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Shipping line rates update

In early July we reported how Maersk took the market by surprise with an FAK spot rate increase on its Asia-North Europe and Mediterranean services, with other carriers quick to follow their lead and while it remains to be seen how successful their increase will be, rising US imports from Asia have seen trans-Pacific GRIs stick in recent months.

It is clear that Maersk, and the shipping lines that followed their lead, are hoping they will benefit from increased buying should a peak season emerge, and that efforts to remove capacity, will be enough to address weakness in demand and the steady influx of new container ships hitting the market through 2024.

However, industry analysts are questioning whether the lines are withdrawing sufficient capacity, suggesting that the lack of sufficient capacity management is behind the Asia-Europe rate weakness.

They are anticipating substantial increases in blank sailings on all three east-west trades in the coming months, particularly as Asia-Europe blanked sailings are at a two-year low this summer. 

Of the total capacity available on routes from Asia to North Europe and the Mediterranean, 9% was cancelled in July, with 6.5% scheduled to be blanked in August and 2.5% in September, with 2.5 million teus of new container ship capacity due to be delivered before the end of this year.

Rates from Asia into North Europe rates essentially flatlined compared to last week, while rates into the Mediterranean dropped an additional 2%.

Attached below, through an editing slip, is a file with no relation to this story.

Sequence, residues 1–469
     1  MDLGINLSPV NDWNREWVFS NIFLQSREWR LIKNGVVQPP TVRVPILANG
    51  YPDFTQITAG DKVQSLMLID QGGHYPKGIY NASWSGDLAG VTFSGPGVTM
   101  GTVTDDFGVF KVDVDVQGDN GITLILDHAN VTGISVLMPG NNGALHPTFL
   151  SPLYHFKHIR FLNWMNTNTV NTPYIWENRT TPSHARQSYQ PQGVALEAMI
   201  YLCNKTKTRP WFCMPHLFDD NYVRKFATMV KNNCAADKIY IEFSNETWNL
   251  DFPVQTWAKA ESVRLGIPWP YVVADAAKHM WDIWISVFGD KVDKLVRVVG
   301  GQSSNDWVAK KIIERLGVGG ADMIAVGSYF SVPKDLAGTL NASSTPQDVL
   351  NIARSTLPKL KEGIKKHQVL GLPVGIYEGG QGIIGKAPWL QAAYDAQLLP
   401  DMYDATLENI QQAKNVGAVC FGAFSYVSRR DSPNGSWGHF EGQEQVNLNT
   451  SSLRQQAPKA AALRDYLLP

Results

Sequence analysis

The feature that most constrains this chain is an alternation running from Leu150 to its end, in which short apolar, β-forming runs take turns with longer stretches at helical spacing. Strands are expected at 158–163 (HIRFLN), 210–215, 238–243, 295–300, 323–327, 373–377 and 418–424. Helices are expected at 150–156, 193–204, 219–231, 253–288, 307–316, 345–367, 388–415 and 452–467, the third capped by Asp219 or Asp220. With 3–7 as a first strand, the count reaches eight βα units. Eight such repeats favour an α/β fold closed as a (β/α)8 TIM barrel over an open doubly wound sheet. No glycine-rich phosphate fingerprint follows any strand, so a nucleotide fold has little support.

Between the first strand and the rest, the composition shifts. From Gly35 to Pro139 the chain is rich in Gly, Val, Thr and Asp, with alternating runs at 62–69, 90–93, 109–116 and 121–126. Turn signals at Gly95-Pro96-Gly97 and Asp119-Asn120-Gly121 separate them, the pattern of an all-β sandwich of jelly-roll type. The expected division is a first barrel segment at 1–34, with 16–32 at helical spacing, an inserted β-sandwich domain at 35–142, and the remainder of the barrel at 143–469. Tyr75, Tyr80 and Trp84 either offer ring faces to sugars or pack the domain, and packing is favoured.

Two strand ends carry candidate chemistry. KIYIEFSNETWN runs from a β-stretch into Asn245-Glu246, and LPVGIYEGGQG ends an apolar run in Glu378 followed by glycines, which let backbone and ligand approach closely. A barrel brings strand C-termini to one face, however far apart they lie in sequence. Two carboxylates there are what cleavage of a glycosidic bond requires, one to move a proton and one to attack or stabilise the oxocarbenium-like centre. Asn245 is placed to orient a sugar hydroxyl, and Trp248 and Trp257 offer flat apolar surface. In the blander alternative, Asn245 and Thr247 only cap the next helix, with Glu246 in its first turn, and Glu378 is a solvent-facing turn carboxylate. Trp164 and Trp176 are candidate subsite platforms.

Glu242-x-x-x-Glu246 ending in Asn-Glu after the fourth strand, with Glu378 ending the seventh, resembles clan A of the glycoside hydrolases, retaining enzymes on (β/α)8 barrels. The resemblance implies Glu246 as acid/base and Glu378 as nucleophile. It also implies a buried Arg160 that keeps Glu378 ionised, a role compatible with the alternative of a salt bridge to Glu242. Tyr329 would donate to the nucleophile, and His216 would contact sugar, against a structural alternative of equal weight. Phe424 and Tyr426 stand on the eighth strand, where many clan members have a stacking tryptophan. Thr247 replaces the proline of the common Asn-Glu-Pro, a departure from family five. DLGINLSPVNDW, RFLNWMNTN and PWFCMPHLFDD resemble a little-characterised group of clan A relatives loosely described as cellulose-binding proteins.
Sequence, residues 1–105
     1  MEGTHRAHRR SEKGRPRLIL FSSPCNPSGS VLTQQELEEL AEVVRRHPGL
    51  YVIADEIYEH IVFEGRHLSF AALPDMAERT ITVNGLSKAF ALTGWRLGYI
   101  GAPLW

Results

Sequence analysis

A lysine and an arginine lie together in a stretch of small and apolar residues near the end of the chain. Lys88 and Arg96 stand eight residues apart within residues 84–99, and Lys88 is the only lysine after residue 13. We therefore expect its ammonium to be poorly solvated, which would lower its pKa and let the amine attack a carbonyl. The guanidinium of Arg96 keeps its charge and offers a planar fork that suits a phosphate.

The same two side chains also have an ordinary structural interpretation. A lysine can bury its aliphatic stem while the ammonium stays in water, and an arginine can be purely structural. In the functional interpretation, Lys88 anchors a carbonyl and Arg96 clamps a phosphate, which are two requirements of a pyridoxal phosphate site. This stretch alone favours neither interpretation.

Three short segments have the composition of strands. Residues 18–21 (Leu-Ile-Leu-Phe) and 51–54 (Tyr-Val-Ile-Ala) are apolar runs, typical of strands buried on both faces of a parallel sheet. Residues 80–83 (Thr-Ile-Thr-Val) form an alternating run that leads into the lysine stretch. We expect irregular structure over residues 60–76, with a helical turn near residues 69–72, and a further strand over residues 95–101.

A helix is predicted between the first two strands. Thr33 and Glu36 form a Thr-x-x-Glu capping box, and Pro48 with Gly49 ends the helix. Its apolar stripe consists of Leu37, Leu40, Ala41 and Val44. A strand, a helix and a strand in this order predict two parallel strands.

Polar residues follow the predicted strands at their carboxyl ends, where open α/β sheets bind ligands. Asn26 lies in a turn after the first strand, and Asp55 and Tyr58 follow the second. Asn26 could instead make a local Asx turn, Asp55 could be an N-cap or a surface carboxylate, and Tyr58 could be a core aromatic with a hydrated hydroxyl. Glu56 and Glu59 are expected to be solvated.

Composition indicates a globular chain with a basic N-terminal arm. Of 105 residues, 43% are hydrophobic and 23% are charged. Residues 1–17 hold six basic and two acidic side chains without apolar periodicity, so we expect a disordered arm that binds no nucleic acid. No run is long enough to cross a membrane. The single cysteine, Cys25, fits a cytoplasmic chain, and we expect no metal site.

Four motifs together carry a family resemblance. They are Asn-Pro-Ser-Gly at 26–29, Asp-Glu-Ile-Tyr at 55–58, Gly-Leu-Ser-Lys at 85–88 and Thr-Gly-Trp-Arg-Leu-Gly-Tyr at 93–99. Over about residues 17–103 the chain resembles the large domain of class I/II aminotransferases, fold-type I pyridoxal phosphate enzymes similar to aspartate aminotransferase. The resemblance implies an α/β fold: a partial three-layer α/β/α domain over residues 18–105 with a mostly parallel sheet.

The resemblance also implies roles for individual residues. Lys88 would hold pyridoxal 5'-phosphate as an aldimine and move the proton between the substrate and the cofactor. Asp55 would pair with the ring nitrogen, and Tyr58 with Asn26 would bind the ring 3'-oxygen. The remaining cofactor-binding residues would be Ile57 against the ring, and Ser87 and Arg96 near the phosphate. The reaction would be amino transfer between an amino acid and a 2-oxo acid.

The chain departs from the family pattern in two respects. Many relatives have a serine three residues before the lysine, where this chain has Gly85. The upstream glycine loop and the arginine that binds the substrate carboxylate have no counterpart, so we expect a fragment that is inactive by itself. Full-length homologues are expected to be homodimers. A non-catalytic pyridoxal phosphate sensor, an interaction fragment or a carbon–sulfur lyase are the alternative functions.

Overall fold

It should be noted that the Med rates still carry a considerable premium compared to North Europe, which remains 8% below pre-pandemic levels whereas Med are still 39% higher than pre-pandemic.

The trans-Atlantic market continues it rapid transformation from high-flyer to couch-potato, as Atlantic headhaul rates, that were 36% above pre-pandemic levels four weeks ago, not site -31% below pre-pandemic levels, with rates dropping 50% in just four weeks.

On the trans-Pacific trades, it’s looking likely that the container shipping lines will have achieved their rate restoration objectives, even as they enter a peak shipping season that is likely to be quiet compared with last year.

After four months of rising imports from Asia to the United States, blank sailings and restricted Panama Canal volumes have reduced trans-Pacific capacity sufficiently to support three general rate increases (GRIs), which have pushed spot rates higher than contract rates.

The sea freight market is multi-layered and complex and actions by individual carriers or alliances can have a profound impact on services and the market’s competitive dynamics, which is why we work closely with our network partners in the US, China and across Asia, to adapt to changes and identify opportunities for our customers.

If you have any questions or concerns about the developments outlined in this story, please EMAIL Colin Redman now for the latest insights and intelligence.